To help clarify what type of roaster might best suit your needs, I’ve created some hypothetical situations that encompass a good portion of the people looking into home coffee roasters.


Hilary has worked as a barista for years and is passionate about the artisan aspects of creating her coffee. She loves the intricacies of making her morning drinks and wants to extend that into creating her own roasts at home. Hilary really has no intention of making large batches but only intends to make small amounts for herself.

What Hilary should look for: A smaller convection-based machine would be best to get her feet wet in the world of home roasting.

Coffee roaster example: Fresh Roast SR800


Marina has been in the coffee business for years and is considering supplying her own coffee. She has played around with the idea of jumping in head first and getting a commercial machine but isn’t quite sure about the investment.

What Marina should look for: A larger machine that can produce batches to try all the methods of coffee production out with any given roast. For example, a drum machine will do a pound per roast.

Coffee roaster example: Behmor 2000AB Plus


Lewis has seen his coffee business expand and has fully committed to becoming a coffee roaster. He has purchased a full-size commercial machine but only is familiar with a few types of green coffee and not many coffee growers from different regions. He doesn’t want to commit to big purchases of many beans that he may regret.

What Lewis should look for: Something to be able to roast multiple gram-sized small batch roasting in a controlled manner will be key to good results.

Coffee roaster example: A roaster like the Ikawa Home Roasting System is my top choice. It is ideal for small batches that need high levels of accuracy and real-time control in the roasts.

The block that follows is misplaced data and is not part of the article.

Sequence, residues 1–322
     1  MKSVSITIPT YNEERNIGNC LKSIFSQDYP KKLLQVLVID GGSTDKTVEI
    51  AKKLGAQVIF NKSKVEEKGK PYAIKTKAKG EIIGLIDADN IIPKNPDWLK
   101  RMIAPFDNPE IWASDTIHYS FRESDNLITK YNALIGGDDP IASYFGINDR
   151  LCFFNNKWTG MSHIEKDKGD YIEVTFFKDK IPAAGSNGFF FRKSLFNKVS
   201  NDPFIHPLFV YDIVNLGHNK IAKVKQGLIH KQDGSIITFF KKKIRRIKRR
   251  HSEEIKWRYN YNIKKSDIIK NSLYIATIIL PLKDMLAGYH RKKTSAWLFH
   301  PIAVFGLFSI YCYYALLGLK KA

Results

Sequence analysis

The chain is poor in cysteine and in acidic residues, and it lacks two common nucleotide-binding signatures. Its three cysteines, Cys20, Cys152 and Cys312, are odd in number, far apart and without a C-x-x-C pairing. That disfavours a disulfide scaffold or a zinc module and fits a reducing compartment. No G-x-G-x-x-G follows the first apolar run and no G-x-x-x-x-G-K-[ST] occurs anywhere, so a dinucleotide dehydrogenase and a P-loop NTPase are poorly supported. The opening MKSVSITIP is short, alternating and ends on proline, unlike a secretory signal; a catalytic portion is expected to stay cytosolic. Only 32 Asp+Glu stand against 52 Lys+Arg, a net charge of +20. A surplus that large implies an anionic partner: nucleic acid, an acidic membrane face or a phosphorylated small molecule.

Enjoying the fruits of a well-done roast. Photo by Sara Wass

The ability to create your own flavors by taking a green coffee bean and roasting it to perfection is a great feeling. It’s another way for coffee lovers to expand their craft; you know you will always have the freshest coffee. With a little practice, the right machine and guidance from an Expert here on Curated, the greatest lattes you have ever had could come from the beans you create at home.

Jeff Sutton, Coffee Expert
Jeff Sutton
Coffee Expert
I currently roast and run production at one of the highest-rated coffee companies in Colorado. I’m also a barista and can teach you all about espresso machines from beginner through commercial units!.I am here to help find the best machine for your home or business!
110 Reviews
2238 Customers helped
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Written by:
Jeff Sutton, Coffee Expert
Jeff Sutton
Coffee Expert
I currently roast and run production at one of the highest-rated coffee companies in Colorado. I’m also a barista and can teach you all about espresso machines from beginner through commercial units!.I am here to help find the best machine for your home or business!
110 Reviews
2238 Customers helped